Tamara Archuleta, Christel Chávez, and Lori Piestewa are the only known women of the region who lost their lives while in the United States military service. They are not, though, the first women of the region to take up arms and defend their homes and society. New Mexico is a state of culturally diverse people who have protected themselves over four centuries and more. Since New Mexico has become a part of the United States, over 15,000 women in New Mexico volunteered to serve in the military.
Using the example of women who manned the walls in defense of Oñate’s small settlement at the end of the sixteenth century, women in New Mexico have taken up arms for over four centuries in New Mexico.
Through most of its history, life in New Mexico has been harsh and dangerous. Women had to maintain a strictly scheduled subsistence lifestyle for themselves and their families. Even as the Pueblo Indians encountered the first Spanish forays into their lands, women, children, and the infirm were sequestered out of harms way. While the record is silent on this matter, the role of women as defenders of themselves and the other innocents is a fairly obvious assumption.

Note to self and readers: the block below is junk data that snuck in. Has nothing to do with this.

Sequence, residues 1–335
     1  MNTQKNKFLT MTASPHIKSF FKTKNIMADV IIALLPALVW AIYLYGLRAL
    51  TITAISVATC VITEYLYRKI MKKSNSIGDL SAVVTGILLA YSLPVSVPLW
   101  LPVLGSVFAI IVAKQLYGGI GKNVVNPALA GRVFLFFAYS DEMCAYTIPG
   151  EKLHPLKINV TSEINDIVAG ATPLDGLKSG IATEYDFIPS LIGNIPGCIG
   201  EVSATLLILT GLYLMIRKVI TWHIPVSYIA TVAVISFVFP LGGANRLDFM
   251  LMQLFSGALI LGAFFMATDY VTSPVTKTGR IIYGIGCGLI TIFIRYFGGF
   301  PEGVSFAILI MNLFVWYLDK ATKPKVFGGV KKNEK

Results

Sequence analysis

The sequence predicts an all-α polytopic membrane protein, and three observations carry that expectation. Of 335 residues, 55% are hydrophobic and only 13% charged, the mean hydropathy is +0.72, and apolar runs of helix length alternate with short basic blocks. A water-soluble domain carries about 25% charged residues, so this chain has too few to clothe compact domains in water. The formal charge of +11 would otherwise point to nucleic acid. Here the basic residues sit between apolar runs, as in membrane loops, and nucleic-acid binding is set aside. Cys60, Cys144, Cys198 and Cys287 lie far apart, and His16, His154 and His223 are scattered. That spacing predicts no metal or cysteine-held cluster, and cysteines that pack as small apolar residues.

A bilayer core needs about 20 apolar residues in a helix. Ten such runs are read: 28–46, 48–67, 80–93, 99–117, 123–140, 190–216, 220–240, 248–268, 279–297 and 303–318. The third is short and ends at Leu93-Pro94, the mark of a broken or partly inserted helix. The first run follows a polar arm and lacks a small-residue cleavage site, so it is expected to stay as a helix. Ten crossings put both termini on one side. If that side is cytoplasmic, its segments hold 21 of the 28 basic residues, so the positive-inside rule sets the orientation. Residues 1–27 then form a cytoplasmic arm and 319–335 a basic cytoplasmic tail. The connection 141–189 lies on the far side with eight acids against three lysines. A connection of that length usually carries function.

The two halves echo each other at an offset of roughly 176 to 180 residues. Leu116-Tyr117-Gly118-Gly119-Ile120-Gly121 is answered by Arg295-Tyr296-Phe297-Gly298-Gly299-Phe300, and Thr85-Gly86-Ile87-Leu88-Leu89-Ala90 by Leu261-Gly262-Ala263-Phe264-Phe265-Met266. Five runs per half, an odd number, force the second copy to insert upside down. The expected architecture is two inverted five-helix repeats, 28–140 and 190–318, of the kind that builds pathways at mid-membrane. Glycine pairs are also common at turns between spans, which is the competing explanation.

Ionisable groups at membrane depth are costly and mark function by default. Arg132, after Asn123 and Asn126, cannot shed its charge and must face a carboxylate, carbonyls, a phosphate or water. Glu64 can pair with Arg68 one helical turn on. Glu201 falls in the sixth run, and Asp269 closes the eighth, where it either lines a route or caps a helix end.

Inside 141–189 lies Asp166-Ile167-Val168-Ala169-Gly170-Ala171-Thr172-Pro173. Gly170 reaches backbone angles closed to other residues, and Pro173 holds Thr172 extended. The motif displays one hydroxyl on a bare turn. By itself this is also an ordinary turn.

Women’s service in the military has not been mandatory. For most of New Mexico’s history, fighting was a matter of survival. During World War II women had the option to volunteer and many did.
Today, New Mexican women attend the military academies, on campus military programs, and serve in the armed forces all over the world.
The New Mexico Department of Veterans Services and the Women Veterans of New Mexico are the keepers of the information and history of women veterans of New Mexico. Women have served for time immemorial and their considerable contributions are a tribute to the pride and honor of all New Mexicans.
New Mexico Department of Veterans Services; http://www1.va.gov/vetdata/page.cfm?pg=15 . (This breaks out veterans data state by state.)